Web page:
The presence of cultivated crops such as rice or volunteer vegetation, grown as food for crawfish in ponds, interferes with seines and requires that crawfish be harvested with small, baited traps over an extended period, beginning as early as mid-November and continuing through April or June.
The commercial release of Bollgard cotton in 1996 gave cotton growers a new pest management tool. Bollgard cotton, a transgenic product, includes a gene from a bacterium, Bacillus thuringiensis. This transferred gene enables the plant to produce a toxin that provides significant control of the tobacco budworm, Heliothis virescens, and the pink bollworm, Pectinophora gossypiella, while being safe for humans, other animals and the environment.
Vol. 44, No. 1
Nematode parasites make a big difference in the appetite of beef cattle and thus their weight gain. Left to right are four of the paddocks used in nematode research at the LSU AgCenter’s Dean Lee Research Station near Alexandria. The road about a third of the way from the top serves as one border, and the tree line at the bottom is another border.
Insects that eat soybean leaves, such as the soybean looper, velvetbean caterpillar and green cloverworm, usually attack in late August and September. Because determination of economic threshholds for each specific stage of seed filling is difficult, an alternative approach based on light interception was investigated.
Cotton farmers may soon have a new way to evaluate the effectiveness of one class of insecticides, thanks to a new LSU AgCenter procedure that received a U.S. patent.
Root-knot nematodes cause significant yield losses in many horticultural crops. Double-cropping cantaloupes with a nematode-resistant tomato can improve cantaloupe yields in soils that have a history of root-knot nematode.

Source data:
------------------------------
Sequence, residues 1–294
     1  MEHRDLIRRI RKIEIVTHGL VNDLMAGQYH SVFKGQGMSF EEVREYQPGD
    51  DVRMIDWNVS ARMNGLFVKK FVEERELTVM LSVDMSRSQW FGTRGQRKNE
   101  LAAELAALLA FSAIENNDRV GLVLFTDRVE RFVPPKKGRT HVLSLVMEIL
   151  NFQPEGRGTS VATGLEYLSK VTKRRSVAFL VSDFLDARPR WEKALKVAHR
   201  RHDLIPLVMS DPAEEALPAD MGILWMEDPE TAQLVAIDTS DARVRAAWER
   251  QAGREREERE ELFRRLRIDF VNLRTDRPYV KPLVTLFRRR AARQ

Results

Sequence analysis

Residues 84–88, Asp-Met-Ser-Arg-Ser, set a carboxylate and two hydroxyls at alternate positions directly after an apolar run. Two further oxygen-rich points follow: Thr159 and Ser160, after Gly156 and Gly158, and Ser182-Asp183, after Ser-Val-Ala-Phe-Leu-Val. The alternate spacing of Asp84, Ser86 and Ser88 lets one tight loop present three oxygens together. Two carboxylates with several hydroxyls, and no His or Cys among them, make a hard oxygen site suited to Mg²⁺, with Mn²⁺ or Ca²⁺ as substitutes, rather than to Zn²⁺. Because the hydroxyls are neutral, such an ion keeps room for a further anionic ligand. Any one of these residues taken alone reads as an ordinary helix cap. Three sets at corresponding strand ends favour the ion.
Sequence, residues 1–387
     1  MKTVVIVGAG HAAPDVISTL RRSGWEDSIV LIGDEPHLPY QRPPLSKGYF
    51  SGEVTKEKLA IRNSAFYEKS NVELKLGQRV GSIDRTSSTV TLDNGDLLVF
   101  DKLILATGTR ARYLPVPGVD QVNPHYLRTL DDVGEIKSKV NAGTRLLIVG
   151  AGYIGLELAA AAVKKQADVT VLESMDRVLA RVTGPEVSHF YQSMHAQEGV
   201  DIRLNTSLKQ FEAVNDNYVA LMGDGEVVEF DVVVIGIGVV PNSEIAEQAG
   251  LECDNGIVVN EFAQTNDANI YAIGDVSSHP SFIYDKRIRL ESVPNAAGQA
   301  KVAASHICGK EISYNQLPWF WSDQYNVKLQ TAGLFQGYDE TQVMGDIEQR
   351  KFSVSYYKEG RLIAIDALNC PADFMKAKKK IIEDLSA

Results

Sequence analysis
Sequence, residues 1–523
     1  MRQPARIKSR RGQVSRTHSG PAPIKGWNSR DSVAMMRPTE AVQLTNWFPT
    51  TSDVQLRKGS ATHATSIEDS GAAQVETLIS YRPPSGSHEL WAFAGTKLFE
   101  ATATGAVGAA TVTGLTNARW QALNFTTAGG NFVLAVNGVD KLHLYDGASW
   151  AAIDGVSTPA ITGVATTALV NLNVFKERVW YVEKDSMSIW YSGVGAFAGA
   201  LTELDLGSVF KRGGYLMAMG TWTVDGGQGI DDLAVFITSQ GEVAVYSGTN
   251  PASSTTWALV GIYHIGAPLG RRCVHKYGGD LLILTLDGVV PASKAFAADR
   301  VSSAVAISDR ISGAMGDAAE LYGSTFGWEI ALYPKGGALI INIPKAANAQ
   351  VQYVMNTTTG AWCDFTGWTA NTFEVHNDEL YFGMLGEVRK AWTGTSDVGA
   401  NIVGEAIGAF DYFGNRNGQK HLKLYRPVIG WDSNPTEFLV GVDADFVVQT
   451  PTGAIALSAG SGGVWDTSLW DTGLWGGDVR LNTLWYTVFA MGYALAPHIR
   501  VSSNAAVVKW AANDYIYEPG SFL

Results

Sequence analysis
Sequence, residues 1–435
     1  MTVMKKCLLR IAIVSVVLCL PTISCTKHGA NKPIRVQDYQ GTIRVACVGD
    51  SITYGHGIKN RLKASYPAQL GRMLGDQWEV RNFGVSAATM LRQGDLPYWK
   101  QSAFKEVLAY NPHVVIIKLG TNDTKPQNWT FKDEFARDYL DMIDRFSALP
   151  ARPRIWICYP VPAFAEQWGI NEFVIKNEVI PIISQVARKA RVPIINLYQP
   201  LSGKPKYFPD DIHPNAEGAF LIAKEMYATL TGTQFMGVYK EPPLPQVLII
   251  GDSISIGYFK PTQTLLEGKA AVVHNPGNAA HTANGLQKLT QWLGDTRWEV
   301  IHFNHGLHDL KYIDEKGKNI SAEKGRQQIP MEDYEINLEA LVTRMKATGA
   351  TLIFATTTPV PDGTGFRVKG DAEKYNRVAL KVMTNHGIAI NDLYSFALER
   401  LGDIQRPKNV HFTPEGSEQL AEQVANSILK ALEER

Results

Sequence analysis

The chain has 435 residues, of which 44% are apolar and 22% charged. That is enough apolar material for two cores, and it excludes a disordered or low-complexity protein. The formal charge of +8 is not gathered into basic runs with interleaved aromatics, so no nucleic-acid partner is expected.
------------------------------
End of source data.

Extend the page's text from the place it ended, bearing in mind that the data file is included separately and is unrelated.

The LSU AgCenter has released three new peach varieties, which will be available commercially in the fall of 2001. Their names match their characteristics somewhat, says Charlie Johnson, horticulture researcher and developer of the varieties. LaSweet is low-acid and very sweet. LaRouge has a bright red skin. And LaBelle is a late-season peach that will extend Louisiana’s fresh peach season into mid-July.
Beef and dairy producers in north Louisiana plant more than 30,000 acres of hill land to annual ryegrass each fall for grazing cattle during the winter and spring. Nitrogen is the most limiting plant nutrient required for annual ryegrass production on these sandy Coastal Plain soils.
Commercial cow-calf production is the primary beef cattle enterprise in Louisiana. The state has about 550,000 beef cows in 15,000 herds located in all parishes but Orleans. The primary product marketed from these herds is the weaned calf. At least 80 percent of the cow-calf herds in Louisiana use crossbred cows of one kind or another, and most of these crossbred cows have some Brahman inheritance.
Herbicides are necessary for obtaining optimum yield and maximum profit in the rice industry. Before the development of selective rice herbicides, weed control involved intensive hand labor. Combined with improved cultural and fertility practices and the development of high yielding varieties, selective herbicides have dramatically increased rice yields in the last 50 years.
Alligators and fashion may bring different images to mind, but the combination offers potential for Louisiana’s economy. A research initiative to explore ways to increase domestic demand for finished products made with American alligator leather began in 1997. The goal is to find more opportunities for Louisiana’s alligator business.
Discovery of new postemergence grass herbicides (graminicides) in the late 1970s and early 1980s gave producers a highly effective means for over-the-top control of most annual grasses and perennial grasses, such as johnsongrass, in cotton and soybean fields. Continued reliance on these herbicides has brought about increased selection pressure for resistant populations.
Stephen A. Harrison, James R. Fuxa and the Experiment Station's Sugarcane Breeding and Variety Development Team won the top research awards presented as the LSU AgCenter's Annual Conference Dec. 11 and 12, 2000.